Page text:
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Definition of measurable set: A set $E$ measurable if $$m^*(A) = m^*(A \bigcap E) + m^*(A \bigcap E^c)$$ for every subset of $A$ of $\mathbb R^n$.

Definition of Lebesgue measurable function: Given a function $f: D \to \mathbb R ∪ \{+\infty, -\infty\}$, defined on some domain $D \subset \mathbb{R}^n$, we say that $f$ is Lebesgue measurable if $D$ is measurable and if, for each $a\in[-\infty, +\infty]$, the set $\{x\in D \mid f(x) > a\}$ is measurable.

Definition of almost everywhere convergence: Suppose $f(x), f_1(x), f_2(x), \dots, f_k(x), \dots$ are extended real functions defined on a set $E \subset \mathbb R^n$ that is each $f_i: E \to [-\infty, +\infty] $. If $\exists Z \subset E$ such that $m(Z)=0$ and $$\lim_{k \to +\infty}f_k(x) = f(x), x\in(E-Z),$$ then $\{f_k(x)\}$ converges almost everywhere to $f(x)$ on $E$, namely $$f_k(x) \to f(x),\ \text{a.e.}\ x ∈ E.$$

I think I can translate "$f_k(x) \to f(x),\ \text{a.e.}\ x \in E$" into an exact math symbol that should be $m(\{x\in E \mid(\lim_{k\to+\infty}f_k(x)) \neq f(x)\}) = 0$. However, I'm not sure whether the "$\lim$" can be taken out of the set that is

$$m\left(\lim\limits_{k\to+\infty}\{x\in E \mid f_k(x) \neq f(x)\}\right)=0?$$

I have two hurdles ahead, one is $\left\{x\in E \mid \lim\limits_{k\to+\infty}f_k(x) \neq f(x)\right\}$ may not be equal to $\lim\limits_{k\to+\infty} \{x\in E \mid f_k(x) \neq f(x)\}$ and the other is $\lim\limits_{k\to+\infty} \{x\in E \mid f_k(x) \neq f(x)\}$ may not exist.

I tried an example on the domain $[0, 1]$: $f_k(x) = x^k$ and $f(x) = 0$. I have $f_k(x) \to f(x),\ \text{a.e.}\ x \in [0,1]$ is equivalent to

\begin{align*} \left\{x\in[0,1] \mid \lim\limits_{k\to+\infty}f_k(x) \neq f(x)\right\} &= \{1\}\\ &\neq \lim\limits_{k\to+\infty} \{x\in [0,1] \mid f_k(x) \neq f(x)\}\\ &= \lim\limits_{k\to+\infty}(0,1]\\ &= (0,1] \end{align*}

and $m(\{1\}) \neq m((0,1])$. Even,

\begin{align*} m\left(\left\{x\in[0,1] \mid \lim\limits_{k\to+\infty}f_k(x) \neq f(x)\right\}\right) &= m(\{1\})\\ &= 0\\ &\neq \lim_{k\to+\infty} m(\{x\in [0,1] \mid f_k(x) \neq f(x)\})\\ &= \lim_{k\to+\infty}m((0,1])\\ &= 1\\ &= m\left(\lim\limits_{k\to+\infty} \{x\in [0,1] \mid f_k(x) \neq f(x)\}\right). \end{align*}

So from this example, I know

$$m\left(\left\{x\in [0,1] \mid \lim\limits_{k\to+\infty}f_k(x) \neq f(x)\right\}\right) \neq \lim\limits_{k\to+\infty} m(\{x\in[0,1] \mid f_k(x) \neq f(x)\})$$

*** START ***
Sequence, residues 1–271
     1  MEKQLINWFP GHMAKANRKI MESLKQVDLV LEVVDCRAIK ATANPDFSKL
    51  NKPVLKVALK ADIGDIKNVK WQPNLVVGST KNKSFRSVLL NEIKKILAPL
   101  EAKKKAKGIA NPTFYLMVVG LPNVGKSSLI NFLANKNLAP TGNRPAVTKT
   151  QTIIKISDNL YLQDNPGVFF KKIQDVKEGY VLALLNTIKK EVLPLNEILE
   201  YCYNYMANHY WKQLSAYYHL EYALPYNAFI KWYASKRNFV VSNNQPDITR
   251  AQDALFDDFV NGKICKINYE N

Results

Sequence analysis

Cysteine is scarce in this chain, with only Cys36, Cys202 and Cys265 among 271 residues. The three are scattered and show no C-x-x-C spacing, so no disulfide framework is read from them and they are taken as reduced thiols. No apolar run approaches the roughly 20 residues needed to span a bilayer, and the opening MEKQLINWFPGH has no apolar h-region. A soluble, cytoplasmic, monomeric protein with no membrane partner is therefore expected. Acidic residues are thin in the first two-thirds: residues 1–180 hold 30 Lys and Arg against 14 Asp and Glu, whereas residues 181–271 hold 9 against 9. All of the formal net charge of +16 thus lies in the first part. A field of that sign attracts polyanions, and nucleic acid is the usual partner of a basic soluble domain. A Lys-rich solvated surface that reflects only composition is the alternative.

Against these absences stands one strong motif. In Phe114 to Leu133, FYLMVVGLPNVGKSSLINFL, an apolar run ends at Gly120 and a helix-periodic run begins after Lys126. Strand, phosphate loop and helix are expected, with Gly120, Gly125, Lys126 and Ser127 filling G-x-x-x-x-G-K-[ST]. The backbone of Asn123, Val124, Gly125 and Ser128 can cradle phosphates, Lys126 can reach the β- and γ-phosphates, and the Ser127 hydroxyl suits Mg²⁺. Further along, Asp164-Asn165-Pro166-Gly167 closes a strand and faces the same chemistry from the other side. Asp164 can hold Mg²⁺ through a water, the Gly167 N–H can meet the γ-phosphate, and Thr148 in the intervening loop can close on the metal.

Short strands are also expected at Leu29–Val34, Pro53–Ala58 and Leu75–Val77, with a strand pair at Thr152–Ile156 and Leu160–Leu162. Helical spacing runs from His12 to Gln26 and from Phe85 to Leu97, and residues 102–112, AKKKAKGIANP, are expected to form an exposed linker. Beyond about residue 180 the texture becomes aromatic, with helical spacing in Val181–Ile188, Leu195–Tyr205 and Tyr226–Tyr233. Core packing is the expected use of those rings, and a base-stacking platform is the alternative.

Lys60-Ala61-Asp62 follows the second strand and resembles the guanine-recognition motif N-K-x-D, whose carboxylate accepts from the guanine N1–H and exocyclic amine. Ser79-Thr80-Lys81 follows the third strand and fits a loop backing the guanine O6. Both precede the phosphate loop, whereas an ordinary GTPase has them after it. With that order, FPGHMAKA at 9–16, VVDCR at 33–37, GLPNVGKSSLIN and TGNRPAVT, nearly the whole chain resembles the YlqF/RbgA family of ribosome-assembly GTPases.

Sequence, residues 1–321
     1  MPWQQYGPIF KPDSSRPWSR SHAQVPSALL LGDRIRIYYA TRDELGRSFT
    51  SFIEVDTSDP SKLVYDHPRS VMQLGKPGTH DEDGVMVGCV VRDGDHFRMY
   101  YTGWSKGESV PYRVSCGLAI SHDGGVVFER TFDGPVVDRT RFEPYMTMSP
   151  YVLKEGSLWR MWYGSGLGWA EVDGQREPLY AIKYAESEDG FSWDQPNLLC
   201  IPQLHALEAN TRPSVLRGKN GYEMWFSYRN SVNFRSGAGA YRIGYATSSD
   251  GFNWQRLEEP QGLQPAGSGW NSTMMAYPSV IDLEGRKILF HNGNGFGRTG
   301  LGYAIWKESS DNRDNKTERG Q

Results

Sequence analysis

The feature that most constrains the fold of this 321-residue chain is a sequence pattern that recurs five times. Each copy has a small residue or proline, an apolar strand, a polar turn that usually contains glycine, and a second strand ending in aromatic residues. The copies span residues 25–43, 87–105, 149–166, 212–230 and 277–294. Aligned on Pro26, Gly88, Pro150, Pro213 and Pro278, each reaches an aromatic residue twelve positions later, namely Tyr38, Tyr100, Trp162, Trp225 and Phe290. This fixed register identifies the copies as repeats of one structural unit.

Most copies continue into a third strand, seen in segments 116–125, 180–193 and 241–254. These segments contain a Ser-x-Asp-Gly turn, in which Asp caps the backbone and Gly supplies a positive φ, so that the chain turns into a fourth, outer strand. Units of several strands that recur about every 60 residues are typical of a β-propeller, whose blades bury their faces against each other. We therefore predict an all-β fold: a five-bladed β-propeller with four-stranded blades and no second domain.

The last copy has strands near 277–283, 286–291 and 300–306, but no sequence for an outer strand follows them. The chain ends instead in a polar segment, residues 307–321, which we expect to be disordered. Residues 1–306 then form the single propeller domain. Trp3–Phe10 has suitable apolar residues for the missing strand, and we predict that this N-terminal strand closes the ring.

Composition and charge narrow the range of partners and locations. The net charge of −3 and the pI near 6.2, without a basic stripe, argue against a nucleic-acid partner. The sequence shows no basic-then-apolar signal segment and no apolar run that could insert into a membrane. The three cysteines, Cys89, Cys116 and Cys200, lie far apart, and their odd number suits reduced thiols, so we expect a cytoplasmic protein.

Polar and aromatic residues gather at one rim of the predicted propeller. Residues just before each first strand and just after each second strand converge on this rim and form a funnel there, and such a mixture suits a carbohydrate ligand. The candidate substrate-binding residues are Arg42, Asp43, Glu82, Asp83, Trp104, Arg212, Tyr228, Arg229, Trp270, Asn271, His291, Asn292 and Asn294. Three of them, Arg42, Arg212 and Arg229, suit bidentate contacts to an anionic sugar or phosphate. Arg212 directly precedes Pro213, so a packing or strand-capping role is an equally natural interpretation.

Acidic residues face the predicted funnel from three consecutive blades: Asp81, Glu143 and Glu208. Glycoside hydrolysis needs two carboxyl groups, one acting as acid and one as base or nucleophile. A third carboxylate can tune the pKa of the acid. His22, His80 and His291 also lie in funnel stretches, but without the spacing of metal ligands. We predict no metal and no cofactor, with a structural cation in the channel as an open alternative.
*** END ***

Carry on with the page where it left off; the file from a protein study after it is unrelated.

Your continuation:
and

$$m\left(\left\{x\in [0,1] \mid \lim\limits_{k\to+\infty}f_k(x) \neq f(x)\right\}\right) \neq m\left(\lim\limits_{k\to+\infty} \{x\in [0,1] \mid f_k(x) \neq f(x)\}\right).$$

But if I replace $\lim\limits_{k\to+\infty} \{x\in [0,1] \mid f_k(x) \neq f(x)\}$ with

$$E(n,k) = \bigcup_{m=n}^{\infty}\left\{x\in [0,1] : |f_m(x) - f(x)| \geq \frac{1}{k}\right\}$$

where $k\in\mathbb N^+$, then

$$m(E(n,k)) = m\left(\bigcup_{m=n}^{\infty}\left[\left(\frac{1}{k}\right)^{\frac{1}{m}}, 1\right]\right) =m\left(\left[\left(\frac{1}{k}\right)^{\frac{1}{n}}, 1\right]\right) \to 0$$

as $n\to+\infty$ for each $k$.

What happened here? Why does exchanging order of $\lim$ and measure will cause such a big difference? And why can union operation keep the measure the set have? Or is there something wrong with my idea or example?

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  • $\begingroup$ Update: It is not appropriate to write out $\lim_{k\to+\infty} m(\{x\in [0,1] \mid f_k(x) \neq f(x)\})$ coz its definition is totally different from definition of $\lim_{k->+\infty}f_k(x)$. That's my mistake. $\endgroup$ – Bear and bunny Jul 9 '15 at 2:58
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$\{x:\lim f_k(x)\ne f(x)\}$ simply has nothing to do with the limit of the sets $\{x:f_k(x)\ne f(x)\}$. For example let $f_k(x)=1/k$ for all $k$. Why doesn't this have anything to do with that? Well, it doesn't - you don't have any good reason to think it does.

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  • $\begingroup$ seems i got your idea. Definition of $lim_{k->+\infty}\{x:f_k(x)\ne f(x)\}$ is totally different from the definition we used for $lim_{k->+\infty}f_k(x)$. $\endgroup$ – Bear and bunny Jul 8 '15 at 18:48
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    $\begingroup$ No. But if you change the union to an intersection then yes... $\endgroup$ – David C. Ullrich Jul 8 '15 at 19:23
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    $\begingroup$ Almost. A limit can equal $1/k$ even though all the terms are strictly less than $1/k$. But if a limit if greater or equal to $1/k$ then there must be infinitely many terms larger than, say $1/(2k)$. So this would be correct if you changed the very last $1/k$ to $1/(2k)$ (or anything else depending only on $k$ and smaller than $1/k$). $\endgroup$ – David C. Ullrich Jul 8 '15 at 19:38
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    $\begingroup$ You asked whether a certain formula was true. There's that long display. I'm not going to retype it all. In that display I see $\frac1k$ in three places. There's the first place I see, then the second place, then the third. If you change the third one to $\frac1{2k}$ it becomes correct $\endgroup$ – David C. Ullrich Jul 8 '15 at 19:46
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    $\begingroup$ If "when $k>N$" means "for all $k>N$ then yes. $\endgroup$ – David C. Ullrich Jul 9 '15 at 16:06

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